Bookanista Miracle at Hawk's Bay
Matthew High. We knew it would be him. Even before Hannah turned him over, we just knew it.
It was Annie who saw him from the road. “Look,” she said, and when she pointed at the dark shape out there in the shallow water, there was only one thought in all our heads – please God, let it not be him. Let it be any of the others but not him, not Matthew High.
Prospect The Redemption of Galen Pike
They’d all seen Sheriff Nye bringing Pike into town: the two shapes snaking down the path off the mountain through the patches of melting snow and over the green showing beneath, each of them growing bigger as they moved across the rocky pasture and came down into North Street to the jailhouse—Nye on his horse, the tall gaunt figure of Galen Pike following behind on the rope.
Standing now at her shoulder, no longer caring much about his future, Arthur Pritt began to speak.
In a quiet voice he apologized for the tediousness of the day, for the marching bands and the pipers, for the choirs and the speeches and the dreadful cacophony of the morris dancers on the cobbles; for the boring gifts. In a whisper he told her he wished they’d been able to conjure something new for her, something splendid and fascinating and unthought of instead of the dull nonsense she must have seen a thousand times before in a thousand other places.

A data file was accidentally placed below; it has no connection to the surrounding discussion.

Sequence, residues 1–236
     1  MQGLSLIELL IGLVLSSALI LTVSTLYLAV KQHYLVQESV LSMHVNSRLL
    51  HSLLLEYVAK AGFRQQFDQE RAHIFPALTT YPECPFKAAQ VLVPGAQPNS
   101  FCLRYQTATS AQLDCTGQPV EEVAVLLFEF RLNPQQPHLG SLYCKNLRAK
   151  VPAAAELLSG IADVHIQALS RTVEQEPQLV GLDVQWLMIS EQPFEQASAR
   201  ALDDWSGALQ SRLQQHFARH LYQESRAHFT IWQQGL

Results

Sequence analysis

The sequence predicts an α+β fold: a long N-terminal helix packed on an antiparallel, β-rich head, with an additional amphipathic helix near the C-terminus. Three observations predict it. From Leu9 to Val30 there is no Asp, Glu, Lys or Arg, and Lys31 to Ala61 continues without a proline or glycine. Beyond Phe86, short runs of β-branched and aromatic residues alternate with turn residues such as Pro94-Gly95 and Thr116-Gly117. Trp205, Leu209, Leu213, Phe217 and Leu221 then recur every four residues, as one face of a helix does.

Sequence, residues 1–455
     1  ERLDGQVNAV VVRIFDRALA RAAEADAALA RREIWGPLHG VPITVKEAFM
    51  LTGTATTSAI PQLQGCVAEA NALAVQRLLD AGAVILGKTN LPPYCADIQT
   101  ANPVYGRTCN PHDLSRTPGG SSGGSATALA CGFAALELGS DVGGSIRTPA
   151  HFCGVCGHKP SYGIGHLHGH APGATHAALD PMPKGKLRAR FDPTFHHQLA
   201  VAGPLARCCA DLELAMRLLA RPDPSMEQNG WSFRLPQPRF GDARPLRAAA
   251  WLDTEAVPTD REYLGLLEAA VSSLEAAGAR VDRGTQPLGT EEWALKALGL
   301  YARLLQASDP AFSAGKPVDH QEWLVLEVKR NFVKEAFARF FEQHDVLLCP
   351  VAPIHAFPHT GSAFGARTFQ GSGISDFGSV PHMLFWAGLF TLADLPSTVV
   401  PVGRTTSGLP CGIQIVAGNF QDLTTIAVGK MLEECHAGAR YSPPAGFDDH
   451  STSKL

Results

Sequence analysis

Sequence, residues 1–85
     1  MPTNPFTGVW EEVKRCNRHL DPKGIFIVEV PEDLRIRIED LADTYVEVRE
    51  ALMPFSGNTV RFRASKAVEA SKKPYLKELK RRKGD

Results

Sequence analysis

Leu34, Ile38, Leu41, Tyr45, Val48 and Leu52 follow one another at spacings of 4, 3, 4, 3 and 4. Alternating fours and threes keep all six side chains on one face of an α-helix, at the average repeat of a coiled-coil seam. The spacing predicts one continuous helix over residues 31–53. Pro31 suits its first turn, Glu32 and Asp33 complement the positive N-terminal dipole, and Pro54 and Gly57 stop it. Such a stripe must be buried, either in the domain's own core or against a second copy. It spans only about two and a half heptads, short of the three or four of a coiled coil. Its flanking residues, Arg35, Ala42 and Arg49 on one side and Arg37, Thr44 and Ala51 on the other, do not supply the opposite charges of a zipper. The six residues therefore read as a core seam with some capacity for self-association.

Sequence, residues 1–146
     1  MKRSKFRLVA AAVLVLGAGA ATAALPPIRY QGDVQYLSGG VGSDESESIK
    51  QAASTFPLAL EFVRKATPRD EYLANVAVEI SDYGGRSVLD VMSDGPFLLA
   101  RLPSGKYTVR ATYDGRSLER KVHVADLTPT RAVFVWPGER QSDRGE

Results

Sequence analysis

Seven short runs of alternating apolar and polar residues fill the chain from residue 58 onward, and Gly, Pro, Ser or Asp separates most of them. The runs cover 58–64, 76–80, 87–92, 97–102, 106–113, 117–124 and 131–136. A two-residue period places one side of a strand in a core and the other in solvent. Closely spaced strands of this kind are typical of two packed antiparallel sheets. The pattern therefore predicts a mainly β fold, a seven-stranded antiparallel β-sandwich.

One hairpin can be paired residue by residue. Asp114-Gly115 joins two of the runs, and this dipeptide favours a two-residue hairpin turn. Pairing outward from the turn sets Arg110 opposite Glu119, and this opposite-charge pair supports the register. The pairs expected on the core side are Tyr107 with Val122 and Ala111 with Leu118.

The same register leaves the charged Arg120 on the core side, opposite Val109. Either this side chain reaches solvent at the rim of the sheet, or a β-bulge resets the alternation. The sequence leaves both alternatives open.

Literary Hub The Quiet
His name was Henry Fowler and she hated it when he came.
She hated him sitting there for hours on end talking to Tom about hens and beets and pigs, filling his smelly pipe with minute pinches of tobacco from a pouch in his cracked sheepskin waistcoat, tamping down the flakes with his little thumb, lighting and re-lighting the bowl and sucking at the stem, slurping his tea and sitting there on the edge of his chair like a small observant bird, and all the time stealing glances at her and looking at her with his sharp eyes as if he could see right through her.
Electric Literature Creed
My story, Creed, is available, along with an introduction by David Constantine, for subscribers to Electric Literature.
She could see Creed’s place now, up ahead, not more than another three quarters of a mile.
On the big flat stone at the top of the path she stopped to rest, pushed back her sticky hair and wondered again what he would do when he saw her – what he would say and how he would be and what he would look like too, close-up, after all this time.
For years now, for most of her life, she’d seen him only from afar, mending his walls or checking on his sheep or coming down off the high fell with a bucket to the spring above the waterfall, a bulky hatted figure.